This rustic Norwegian cabin looks like four different buildings all joined together

February 6, 2018 by  
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This rustic cottage in Norway looks like a patchwork of different buildings, all mashed together to create a cohesive home. The building, designed by Oslo-based studio Rever & Drage Architects , comprises a sequence of distinct spaces, each one addressing a different daily need of the owners. The cabin has a transparent garage that acts as an entry point and storage area where the family can leave their gear for various outdoor activities. This space leads to a laundry area, bathroom, and kitchen and into the main lounge that offers views of the surrounding landscape. Related: Coastal cabin in Norway is a perfect indoor retreat for outdoor lovers Each of the spaces uses different cladding materials and construction techniques, with the imperative of being able to withstand the harsh weather as an overarching design principle. The cabin, in a way, can be seen as a single building or four separate structures. “The outside composition is that of a traditional row farm, where buildings with different functions and different construction techniques are arranged in a line corresponding with the dominant direction of wind,” explained the architects. Related: Fantastic Norway’s Mountain Hill Cabin is Part Ski Slope, Part Winter Retreat While the north part was built using a late-medieval building technique with large, narrowing logs, the living room features more elegant 19th century notched logs, all stained in a dark tar finish. The kitchen has a contemporary feel, with a green roof. The garage, at the southern end of the building, features an exposed timber frame and polycarbonate sheets to let in tons of light all year long. + Rever & Drage Architects Via Dezeen Photos by Tom Auger

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This rustic Norwegian cabin looks like four different buildings all joined together

Controversial artist seeks to build a UFO-like house near Edvard Munchs studio

February 6, 2018 by  
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For the last years of his life, world-renowned artist Edvard Munch lived in a remote cabin in a forest outside of Oslo, where the solitude helped him produce hundreds of paintings and drawings. Since his death in 1944, the area was converted into an active artist colony and his estate, Ekely, has become a pilgrimage site for artists from around the world. However one particular artist is sparking controversy with plans to build an outlandish modern building – dubbed “A House to Die In” – on a nearby hill with the help of prolific architecture firm Snohetta . Bjarne Melgaard is one of Norway’s most divisive artists, and his work is known for its sexual and drug-related themes. But his recent plan to build a home on what is considered a sacred site has caused waves of controversy in the art and architecture world. Many believe that the Munch site should be left as-is to conserve the artist’s legacy. Although the issue is being fervently debated throughout Norway, perhaps the strongest opposition comes from the 44 artists currently living in the colony. “This is the only place where Munch lived and worked for 30 years,” said Halvard Haugerud, a painter who has called the colony home for over twenty years. “We just want to keep what’s left of Munch.” Related: Snøhetta’s winning hotel design for Helsinki waterfront is inspired by broken sea ice Many artists and locals seem to be opposed to building anything on the site, but perhaps it is the actual design of “A House to Die In” that is sparking the biggest flames behind the debate. The bold asymmetrical form is raised off the ground, supported by several low-lying columns sculpted in the form of woodland creatures. According to the artist and Snohetta, the home would be clad in a burnt wood and the interior features movable walls and a room that would be both a dining area and a swimming pool. Additional proposed features include a “drug room” suspended from the house’s walls and ceiling to create a feeling of a drug-induced disorientation. According to The New York Times , some proposals have been rejected flat-out by preservation authorities – including a tiger-shaped underground studio and a 40-foot tower. Mr. Melgaard stands by his design and believes that the project would add a modern touch to the site, which has already been altered by the artist colony itself, “I believe this talk about the legacy of Munch is ridiculous.” In an interview with The New York Times , he says that the inspiration for the home comes from Scandinavian-influenced ideas around durability. “Nothing continues forever, so I was interested in the notion that you can have a house to die in, where you say, ‘It’s my end station,’ ” he said. The state of the project is currently up in the air, with Norway’s top authority for architectural preservation , the Directorate for Cultural Heritage, expected to make a decision within the next few weeks. If the project is approved by the Directorate, it will then be submitted to a local building authority and the City Council for final approval. + Snohetta + Bjarne Melgaard Via The New York Times Images via Snohetta and ICA, London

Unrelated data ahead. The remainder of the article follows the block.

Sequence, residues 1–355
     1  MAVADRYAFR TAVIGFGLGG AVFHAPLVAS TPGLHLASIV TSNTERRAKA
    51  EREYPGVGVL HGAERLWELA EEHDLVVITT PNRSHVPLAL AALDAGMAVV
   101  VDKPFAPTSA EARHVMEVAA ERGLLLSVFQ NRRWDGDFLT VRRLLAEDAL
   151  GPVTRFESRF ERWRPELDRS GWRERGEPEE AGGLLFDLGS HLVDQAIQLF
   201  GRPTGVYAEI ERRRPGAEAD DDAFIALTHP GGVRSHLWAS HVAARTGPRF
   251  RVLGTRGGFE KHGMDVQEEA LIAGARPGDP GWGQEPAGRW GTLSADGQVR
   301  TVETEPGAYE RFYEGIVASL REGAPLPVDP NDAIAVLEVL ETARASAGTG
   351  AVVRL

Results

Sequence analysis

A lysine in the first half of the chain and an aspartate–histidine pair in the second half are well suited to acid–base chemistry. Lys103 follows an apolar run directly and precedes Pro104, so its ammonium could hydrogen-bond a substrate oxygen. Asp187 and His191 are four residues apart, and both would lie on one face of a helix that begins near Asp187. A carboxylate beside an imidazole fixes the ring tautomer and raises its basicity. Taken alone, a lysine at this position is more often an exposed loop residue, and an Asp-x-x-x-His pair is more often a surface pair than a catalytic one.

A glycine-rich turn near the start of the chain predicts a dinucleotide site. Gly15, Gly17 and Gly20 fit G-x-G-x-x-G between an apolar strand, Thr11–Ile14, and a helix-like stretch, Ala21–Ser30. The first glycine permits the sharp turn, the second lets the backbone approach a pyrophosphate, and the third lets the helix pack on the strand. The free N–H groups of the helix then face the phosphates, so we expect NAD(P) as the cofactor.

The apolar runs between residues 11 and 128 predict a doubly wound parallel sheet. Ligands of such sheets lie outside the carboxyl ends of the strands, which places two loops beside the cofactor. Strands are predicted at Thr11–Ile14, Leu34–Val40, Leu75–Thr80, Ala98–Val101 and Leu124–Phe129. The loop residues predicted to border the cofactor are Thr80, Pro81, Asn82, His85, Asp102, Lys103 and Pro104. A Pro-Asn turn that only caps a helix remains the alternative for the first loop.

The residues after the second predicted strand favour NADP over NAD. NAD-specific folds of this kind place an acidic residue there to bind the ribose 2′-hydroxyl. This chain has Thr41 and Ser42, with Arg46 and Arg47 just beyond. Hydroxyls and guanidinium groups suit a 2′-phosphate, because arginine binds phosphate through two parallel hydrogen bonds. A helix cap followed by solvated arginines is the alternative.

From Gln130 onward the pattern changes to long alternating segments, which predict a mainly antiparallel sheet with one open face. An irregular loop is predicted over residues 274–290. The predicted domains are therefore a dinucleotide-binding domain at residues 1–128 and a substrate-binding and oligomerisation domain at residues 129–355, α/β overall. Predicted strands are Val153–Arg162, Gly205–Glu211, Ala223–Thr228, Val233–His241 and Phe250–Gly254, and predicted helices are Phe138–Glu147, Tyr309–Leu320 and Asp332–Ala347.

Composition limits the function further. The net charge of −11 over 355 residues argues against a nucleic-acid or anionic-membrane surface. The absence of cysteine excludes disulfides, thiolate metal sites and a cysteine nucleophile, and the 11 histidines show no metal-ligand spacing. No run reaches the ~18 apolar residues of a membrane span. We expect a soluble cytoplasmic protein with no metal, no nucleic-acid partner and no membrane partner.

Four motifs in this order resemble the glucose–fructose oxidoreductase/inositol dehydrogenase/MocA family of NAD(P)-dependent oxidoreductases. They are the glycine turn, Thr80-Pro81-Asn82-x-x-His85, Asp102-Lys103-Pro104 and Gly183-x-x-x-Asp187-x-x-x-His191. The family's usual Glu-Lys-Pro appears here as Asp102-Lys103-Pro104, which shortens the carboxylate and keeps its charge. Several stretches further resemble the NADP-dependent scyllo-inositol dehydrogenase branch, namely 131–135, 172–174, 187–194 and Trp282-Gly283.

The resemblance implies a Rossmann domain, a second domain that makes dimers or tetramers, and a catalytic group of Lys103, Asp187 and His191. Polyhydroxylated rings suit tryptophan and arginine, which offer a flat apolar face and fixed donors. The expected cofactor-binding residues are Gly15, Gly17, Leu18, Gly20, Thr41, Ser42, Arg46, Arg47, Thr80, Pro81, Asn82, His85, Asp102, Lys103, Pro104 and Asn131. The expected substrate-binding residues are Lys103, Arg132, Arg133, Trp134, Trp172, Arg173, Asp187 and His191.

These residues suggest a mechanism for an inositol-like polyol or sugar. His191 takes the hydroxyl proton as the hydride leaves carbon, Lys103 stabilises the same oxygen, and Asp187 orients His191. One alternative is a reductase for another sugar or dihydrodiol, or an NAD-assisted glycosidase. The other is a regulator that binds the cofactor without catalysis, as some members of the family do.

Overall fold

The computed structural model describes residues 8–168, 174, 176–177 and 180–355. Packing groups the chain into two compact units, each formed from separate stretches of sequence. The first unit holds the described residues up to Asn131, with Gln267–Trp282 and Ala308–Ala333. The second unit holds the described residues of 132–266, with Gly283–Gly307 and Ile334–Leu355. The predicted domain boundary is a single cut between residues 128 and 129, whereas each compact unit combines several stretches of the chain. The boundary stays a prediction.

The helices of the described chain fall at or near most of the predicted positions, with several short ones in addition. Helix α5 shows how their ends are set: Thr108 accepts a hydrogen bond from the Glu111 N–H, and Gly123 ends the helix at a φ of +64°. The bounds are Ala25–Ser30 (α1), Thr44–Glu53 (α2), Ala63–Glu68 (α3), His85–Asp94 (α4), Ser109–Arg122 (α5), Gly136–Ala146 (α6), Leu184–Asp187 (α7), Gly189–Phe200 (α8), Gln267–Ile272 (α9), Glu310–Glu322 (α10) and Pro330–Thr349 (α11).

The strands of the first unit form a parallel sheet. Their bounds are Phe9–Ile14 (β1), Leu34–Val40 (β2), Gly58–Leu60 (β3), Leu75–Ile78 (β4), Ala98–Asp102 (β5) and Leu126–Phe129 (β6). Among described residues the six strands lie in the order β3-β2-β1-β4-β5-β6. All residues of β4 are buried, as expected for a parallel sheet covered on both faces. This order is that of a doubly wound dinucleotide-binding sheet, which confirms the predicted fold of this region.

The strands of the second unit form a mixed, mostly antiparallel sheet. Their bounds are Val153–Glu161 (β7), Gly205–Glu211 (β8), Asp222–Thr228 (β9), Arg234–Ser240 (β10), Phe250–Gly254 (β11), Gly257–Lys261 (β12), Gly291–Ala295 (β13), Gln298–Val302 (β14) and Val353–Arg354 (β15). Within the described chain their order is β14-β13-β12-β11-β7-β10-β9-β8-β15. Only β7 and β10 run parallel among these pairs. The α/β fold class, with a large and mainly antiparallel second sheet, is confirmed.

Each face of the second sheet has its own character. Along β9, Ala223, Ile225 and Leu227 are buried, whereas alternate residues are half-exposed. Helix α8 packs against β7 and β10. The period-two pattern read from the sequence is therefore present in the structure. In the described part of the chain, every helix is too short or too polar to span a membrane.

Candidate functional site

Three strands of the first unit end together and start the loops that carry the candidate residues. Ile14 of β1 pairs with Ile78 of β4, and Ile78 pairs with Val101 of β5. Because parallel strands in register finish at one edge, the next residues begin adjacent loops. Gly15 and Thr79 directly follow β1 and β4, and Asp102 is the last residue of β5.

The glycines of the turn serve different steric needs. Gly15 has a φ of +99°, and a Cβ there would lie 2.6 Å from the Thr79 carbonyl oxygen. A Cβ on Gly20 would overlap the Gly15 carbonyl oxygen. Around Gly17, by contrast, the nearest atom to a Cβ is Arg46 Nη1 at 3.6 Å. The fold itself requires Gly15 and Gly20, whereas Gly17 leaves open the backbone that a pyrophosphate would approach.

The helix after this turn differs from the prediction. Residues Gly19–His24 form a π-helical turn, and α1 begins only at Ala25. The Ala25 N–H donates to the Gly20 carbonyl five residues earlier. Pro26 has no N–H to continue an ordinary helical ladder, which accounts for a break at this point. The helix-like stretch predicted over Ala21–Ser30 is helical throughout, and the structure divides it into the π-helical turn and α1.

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Controversial artist seeks to build a UFO-like house near Edvard Munchs studio

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